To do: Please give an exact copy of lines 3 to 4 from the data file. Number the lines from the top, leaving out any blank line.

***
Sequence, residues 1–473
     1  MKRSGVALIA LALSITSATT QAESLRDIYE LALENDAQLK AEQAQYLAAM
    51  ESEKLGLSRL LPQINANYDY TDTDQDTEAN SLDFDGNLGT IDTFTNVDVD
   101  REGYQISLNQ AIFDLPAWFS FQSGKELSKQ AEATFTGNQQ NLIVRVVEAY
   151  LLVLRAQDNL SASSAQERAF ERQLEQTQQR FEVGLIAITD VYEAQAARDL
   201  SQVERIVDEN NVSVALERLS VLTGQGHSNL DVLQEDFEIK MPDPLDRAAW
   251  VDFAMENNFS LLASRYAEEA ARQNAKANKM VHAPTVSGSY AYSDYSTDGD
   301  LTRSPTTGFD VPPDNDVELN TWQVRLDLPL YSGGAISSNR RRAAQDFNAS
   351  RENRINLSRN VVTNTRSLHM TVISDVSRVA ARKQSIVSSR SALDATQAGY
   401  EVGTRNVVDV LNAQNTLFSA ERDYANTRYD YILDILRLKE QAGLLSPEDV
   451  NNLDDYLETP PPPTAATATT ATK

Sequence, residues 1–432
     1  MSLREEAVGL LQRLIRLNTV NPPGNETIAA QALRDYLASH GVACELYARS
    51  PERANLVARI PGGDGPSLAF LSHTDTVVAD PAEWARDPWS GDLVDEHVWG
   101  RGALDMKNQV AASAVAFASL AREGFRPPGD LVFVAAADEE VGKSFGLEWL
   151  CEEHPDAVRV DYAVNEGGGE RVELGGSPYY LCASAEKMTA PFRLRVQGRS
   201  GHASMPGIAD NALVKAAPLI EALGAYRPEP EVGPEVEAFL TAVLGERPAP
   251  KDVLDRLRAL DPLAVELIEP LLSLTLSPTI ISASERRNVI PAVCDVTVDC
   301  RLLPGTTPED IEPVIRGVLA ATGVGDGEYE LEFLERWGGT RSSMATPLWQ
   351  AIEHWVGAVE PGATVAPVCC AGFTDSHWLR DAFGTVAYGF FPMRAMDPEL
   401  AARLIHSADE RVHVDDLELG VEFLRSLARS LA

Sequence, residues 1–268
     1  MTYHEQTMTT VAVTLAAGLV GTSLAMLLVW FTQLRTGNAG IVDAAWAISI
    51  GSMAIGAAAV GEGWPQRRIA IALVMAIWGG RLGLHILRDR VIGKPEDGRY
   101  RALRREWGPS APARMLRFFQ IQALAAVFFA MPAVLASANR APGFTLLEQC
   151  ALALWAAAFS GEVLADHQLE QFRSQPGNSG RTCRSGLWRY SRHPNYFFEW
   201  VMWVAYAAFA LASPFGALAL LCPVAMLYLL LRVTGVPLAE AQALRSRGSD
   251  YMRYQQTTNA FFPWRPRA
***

    51  ESEKLGLSRL LPQINANYDY TDTDQDTEAN SLDFDGNLGT IDTFTNVDVD
   101  REGYQISLNQ AIFDLPAWFS FQSGKELSKQ AEATFTGNQQ NLIVRVVEAY